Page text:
As Gig Wage is growing fast, I probably am wearing more hats than would be typical. And that means, a regular day for me consists of back to back to back meetings – sometimes so many that there’s not even time to breathe – but that’s just where we are as an organization.
I kind of have a philosophy that “more is more” – I’m a bona fide multitasker. So on most days, I have meetings going on, emails coming in, Slacks, and everything happening at home, all at the same time. My days are jam-packed, but I wouldn’t have it any other way.
Health and wellness is a big part of my life. Almost every day, I make an effort to take really long walks and work out in the middle of the day. And we encourage all of our employees to do the same.
We have some major initiatives that we’re currently launching, so in the afternoon, I usually touch base with our marketing team to make sure everything’s on track. And then, sometime between 5 and 6 pm, Craig and I reconnect over a video call to wrap up the day and prepare for the rest of the week. That usually happens over a skinny margarita, because that’s just how I like to end my day.
Gig Wage has always been remote – our people were working remotely even before Covid. And although being remote has both pros and cons, one massive benefit is that it allows us to find talent from literally anywhere in the world. We don’t limit ourselves to one geographical region.
We have a strong focus on diversity, equity and inclusion. And that doesn’t just mean having a Hispanic person, an Asian person or a Black person. We also want to encourage diversity of worldview and thought process. You know, were you born in a village with 70 people that took care of you, or were you raised in a high rise in New York City? Those differences shape how we tackle problems, how we build products, and how we tell our story. Being remote sets us up to do those things really well. And as the company grows, we feel really proud to have built a progressive, modern, cool, fun startup that allows people to design their life and bring their best selves to work.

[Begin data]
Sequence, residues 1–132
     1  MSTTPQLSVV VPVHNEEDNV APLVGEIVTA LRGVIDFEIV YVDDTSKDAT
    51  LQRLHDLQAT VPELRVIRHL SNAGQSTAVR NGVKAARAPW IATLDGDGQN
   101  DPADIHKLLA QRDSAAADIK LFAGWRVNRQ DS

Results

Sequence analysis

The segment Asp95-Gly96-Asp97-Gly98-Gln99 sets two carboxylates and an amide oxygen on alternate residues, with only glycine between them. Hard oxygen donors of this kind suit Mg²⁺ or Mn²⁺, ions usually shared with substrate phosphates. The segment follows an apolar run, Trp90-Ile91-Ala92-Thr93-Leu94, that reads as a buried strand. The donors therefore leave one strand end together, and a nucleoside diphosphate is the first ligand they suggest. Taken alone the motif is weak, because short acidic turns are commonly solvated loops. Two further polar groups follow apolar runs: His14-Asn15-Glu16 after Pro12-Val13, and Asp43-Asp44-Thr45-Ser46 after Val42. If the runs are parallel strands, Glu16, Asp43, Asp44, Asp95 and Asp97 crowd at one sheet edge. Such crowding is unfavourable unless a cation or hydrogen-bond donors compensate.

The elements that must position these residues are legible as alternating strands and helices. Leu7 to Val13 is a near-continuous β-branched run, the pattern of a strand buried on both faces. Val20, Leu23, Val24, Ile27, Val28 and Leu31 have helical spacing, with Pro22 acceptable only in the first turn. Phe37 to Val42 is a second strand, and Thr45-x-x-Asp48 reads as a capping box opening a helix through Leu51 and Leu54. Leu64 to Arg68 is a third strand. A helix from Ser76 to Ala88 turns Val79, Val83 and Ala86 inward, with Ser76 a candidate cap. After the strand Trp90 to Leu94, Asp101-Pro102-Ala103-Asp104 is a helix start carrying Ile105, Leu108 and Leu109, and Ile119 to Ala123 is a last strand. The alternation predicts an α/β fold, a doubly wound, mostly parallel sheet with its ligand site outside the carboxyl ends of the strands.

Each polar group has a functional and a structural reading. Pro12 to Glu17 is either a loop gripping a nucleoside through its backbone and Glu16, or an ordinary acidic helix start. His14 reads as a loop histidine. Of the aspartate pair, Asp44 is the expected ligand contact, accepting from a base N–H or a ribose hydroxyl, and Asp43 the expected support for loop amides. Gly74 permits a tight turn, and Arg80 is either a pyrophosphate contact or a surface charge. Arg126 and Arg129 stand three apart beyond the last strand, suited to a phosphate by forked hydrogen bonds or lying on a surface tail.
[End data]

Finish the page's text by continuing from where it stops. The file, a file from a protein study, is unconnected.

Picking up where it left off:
We live on a cul-de-sac, and so playing outside in the last hours of daylight is just something we do every day. After dinner, once the kids are asleep, I check my emails and Slack again before going to bed. And then the day starts again.
While I do get some rest on weekends, I like to work on Saturdays and Sundays too – and that’s completely my choice. I like to be connected and stay dialed in. That said, with three children between the ages of 5 and 11, weekends are really about them, their sports and their activities.
We are blessed to have a lot of family living very close to us: my parents, my husband’s parents, and some of our siblings and their families, too. We spend a ton of time with all of them. We love to hike and camp, just as much as we love to shop and brunch. I think we strike a nice balance between those.
But you know, Covid has changed some things, like the fact that we’re not going to movie theaters as a family right now. I think Covid made us hunker down and really just get creative again about how we spend our time. It’s made us value outdoor experiences a lot more, which makes my husband very happy. So we spend a lot of time outdoors, and around our neighborhood – but it’s all about the kids and all about family.